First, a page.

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From Andre Fischer <awf....@gmail.com>
Subject Bottom up build
Date Wed, 29 Jan 2014 09:18:45 GMT
I would like to report some observations that I made when thinking about 
how to make building OpenOffice with one global makefile feasible.  It 
will probably the last of build related mails in the near future.

Traditional make uses a top-down approach.  It starts with a target, 
'all' by default, and looks at its dependencies.  When one of those has 
to be made or is newer then the target then the target also has to be 
made.  This is done recursively and depth-first.  Every file on which 
'all' has a direct or indirect dependency has to be checked.  If we 
would build OpenOffice with one makefile (included makefiles don't 
count) then that are a lot of files to check.  There are about 9800 cxx 
files, 3500 c files, 12000 hxx files, and lot of external headers.  
Checking the modification time of so many files is one of the reasons 
for the delay in , say, sw/ between starting make and its first action.

As I don't have all global dependencies in a format that would allow 
experimation, I tried how long it would take to get the mtime (time of 
last modification) for all files, source, generated, compiled, linked, 
about 120000.  I wrote a small Java program for that.  With a warm cache 
that takes about 23s.  When run in 4 threads this reduced to less than 
8s.  Could be worse.

But it also could be better because in general there are only a few 
files modified, usually files that you modified yourself in an editor.  
There is another approach, introduced, as far as I know, by the tup [1] 
build tool, that is bottom up.  If you had something similar to the 
oracle of complexity theory, that gave you the list of modified files 
since the last build, you could find the depending files much faster.  
Faster for two reasons. Firstly, there is only one path in the 
dependency tree up towards the root (while there are many down from the 
root).  Only targets on this path are affected by the modified file.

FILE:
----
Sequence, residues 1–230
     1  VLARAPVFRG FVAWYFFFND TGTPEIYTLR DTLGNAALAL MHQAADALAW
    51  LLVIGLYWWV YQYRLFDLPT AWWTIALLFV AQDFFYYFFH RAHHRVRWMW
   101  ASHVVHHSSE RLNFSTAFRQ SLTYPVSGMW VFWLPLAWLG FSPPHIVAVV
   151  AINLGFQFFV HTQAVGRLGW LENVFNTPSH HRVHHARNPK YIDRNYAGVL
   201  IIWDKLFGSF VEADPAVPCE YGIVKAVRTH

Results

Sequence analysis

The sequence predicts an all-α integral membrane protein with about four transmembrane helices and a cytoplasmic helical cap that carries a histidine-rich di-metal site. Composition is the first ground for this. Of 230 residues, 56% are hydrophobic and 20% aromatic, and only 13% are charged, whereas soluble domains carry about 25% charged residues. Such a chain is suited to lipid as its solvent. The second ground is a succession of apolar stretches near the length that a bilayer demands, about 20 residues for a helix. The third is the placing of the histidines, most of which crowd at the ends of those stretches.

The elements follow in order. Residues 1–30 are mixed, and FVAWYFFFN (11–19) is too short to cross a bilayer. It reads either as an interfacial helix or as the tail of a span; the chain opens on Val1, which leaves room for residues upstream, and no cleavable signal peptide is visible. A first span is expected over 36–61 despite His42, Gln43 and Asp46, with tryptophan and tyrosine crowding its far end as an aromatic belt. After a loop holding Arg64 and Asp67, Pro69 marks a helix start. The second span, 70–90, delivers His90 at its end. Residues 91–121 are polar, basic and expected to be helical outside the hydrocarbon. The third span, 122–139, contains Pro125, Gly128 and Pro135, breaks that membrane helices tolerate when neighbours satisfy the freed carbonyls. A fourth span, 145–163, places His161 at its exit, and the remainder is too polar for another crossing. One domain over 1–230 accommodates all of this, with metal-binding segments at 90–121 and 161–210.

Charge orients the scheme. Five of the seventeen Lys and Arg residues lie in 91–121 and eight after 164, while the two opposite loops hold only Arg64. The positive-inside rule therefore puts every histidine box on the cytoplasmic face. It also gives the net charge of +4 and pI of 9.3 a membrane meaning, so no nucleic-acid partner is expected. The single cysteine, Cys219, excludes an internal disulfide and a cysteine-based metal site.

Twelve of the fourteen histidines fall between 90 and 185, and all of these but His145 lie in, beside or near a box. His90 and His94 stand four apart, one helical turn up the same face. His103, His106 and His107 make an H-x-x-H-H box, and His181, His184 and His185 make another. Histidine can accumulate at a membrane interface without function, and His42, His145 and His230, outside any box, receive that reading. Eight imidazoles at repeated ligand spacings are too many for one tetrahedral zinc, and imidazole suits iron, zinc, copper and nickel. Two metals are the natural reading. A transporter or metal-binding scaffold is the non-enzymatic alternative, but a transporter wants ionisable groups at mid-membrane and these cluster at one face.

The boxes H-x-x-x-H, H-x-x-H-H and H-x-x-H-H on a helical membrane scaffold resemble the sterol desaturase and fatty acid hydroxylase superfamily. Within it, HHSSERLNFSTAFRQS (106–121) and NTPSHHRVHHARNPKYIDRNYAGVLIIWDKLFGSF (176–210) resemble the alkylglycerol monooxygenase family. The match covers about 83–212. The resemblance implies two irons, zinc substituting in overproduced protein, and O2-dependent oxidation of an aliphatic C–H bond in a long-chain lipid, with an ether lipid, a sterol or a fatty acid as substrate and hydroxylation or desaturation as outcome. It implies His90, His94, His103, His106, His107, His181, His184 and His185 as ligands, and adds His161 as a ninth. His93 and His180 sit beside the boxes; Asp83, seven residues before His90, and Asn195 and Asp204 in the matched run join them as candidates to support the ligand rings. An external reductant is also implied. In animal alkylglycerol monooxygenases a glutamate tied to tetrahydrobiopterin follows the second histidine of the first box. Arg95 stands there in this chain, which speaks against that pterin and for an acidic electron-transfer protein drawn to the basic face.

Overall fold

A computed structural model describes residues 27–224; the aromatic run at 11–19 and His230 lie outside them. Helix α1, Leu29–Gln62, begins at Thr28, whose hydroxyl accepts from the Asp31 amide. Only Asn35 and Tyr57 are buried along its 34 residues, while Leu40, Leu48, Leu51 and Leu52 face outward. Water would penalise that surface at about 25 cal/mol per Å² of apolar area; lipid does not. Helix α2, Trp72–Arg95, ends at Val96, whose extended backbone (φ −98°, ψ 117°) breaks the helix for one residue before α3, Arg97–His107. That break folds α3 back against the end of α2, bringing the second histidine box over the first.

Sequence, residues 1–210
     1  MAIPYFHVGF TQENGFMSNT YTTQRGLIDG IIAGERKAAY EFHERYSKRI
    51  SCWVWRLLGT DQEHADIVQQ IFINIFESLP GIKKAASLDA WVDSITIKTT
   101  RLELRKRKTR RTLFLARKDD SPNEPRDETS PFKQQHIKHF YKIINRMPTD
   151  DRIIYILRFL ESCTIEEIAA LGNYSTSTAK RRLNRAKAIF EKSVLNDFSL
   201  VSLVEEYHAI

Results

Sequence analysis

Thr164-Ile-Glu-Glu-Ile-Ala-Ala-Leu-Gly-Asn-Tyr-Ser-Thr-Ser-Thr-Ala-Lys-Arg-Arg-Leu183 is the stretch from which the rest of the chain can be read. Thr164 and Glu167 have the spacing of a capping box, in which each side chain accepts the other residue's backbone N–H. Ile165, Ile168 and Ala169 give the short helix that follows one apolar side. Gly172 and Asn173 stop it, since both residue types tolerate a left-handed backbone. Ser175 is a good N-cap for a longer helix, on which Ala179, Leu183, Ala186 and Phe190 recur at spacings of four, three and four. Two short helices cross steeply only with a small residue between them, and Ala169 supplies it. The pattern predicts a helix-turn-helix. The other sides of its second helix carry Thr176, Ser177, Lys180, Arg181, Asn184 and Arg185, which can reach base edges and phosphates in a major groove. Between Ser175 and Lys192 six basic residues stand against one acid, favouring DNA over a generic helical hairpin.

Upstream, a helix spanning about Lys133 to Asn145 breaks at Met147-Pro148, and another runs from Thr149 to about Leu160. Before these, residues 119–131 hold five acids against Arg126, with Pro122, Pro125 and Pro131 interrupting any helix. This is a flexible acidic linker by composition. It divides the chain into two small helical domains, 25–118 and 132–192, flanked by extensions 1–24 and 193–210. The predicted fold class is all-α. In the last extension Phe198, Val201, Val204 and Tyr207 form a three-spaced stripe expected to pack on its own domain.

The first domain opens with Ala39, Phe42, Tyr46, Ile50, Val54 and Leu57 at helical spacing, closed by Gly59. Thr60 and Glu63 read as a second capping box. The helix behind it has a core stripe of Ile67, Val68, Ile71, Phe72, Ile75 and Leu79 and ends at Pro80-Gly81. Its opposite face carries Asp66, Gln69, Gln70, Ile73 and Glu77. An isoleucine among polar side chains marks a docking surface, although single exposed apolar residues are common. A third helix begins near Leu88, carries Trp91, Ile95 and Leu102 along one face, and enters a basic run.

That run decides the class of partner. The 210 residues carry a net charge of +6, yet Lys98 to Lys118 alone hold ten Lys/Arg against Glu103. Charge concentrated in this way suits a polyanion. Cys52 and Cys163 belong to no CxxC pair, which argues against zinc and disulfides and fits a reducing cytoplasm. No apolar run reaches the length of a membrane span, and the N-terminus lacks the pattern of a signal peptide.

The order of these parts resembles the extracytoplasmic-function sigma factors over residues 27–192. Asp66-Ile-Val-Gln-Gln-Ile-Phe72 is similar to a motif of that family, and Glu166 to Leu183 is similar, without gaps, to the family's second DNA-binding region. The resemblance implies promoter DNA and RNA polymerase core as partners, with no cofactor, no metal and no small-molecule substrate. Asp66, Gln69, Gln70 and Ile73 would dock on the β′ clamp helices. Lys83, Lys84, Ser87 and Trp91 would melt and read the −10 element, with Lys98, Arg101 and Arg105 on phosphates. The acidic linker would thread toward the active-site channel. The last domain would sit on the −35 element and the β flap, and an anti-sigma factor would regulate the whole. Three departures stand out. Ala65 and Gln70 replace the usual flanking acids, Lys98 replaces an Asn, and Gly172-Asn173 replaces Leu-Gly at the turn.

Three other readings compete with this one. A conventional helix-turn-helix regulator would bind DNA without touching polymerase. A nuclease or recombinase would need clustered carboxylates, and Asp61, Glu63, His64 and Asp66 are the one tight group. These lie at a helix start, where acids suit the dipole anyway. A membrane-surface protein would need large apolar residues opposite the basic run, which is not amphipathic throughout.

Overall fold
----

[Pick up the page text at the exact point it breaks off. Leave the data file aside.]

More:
Secondly, the dependency analysis is comparatively cheap.  The expensive 
part is to determine the file modification times.  If they where 
miraculously given then even the top-down approach would not take 
noticably longer.

So I made another experiment to see if such an oracle can be created.  
Java 7 has the java.nio.file.WatchService that lets you monitor file 
modfifications in one directory.  I registered it to all directories in 
our source tree (some 16000 directories).  With the WatchService in 
place every file modification can be recorded and stored for later.  On 
the next build you only have to check the set of modified files, not all 
files.  Registering the directory watchers takes a couple of seconds but 
after that it does not cause any noticeable CPU activity. Any file 
modifications are reported almost at once.  I do not have the framework 
in place to start a build with this information but I would expect it to 
be as fast as compiling the modified files and linking takes.

The tup website references a paper [2] in which the established top-down 
approaches are called alpha alogithms and the new bottom-up approach is 
called beta algorithm. Tup has implemented a file modification watcher 
(in C or C++) only for Linux.  On Windows it just scans all files (for 
which it needs a little more time than my Java program, maybe it does 
not use more than one thread).


This is something that we should keep in mind for when we ever should 
get a build solution with global dependencies and this build tool would 
turn out to be too slow.


If can find the source code of my Java experiments at [3]. If nothing 
else you can see an application of the ForkJoinPool that allowed my to 
write the parallel file system scan in just a few lines.  There is also 
an alternative implementation that uses the ExecutorService (with a 
fixed thread pool) which needs a few more lines of code.  And there is 
of course the use of the WatchService.


Regards,
Andre


[1] http://gittup.org/tup/
[2] http://gittup.org/tup/build_system_rules_and_algorithms.pdf
[3] http://people.apache.org/~af/test.zip

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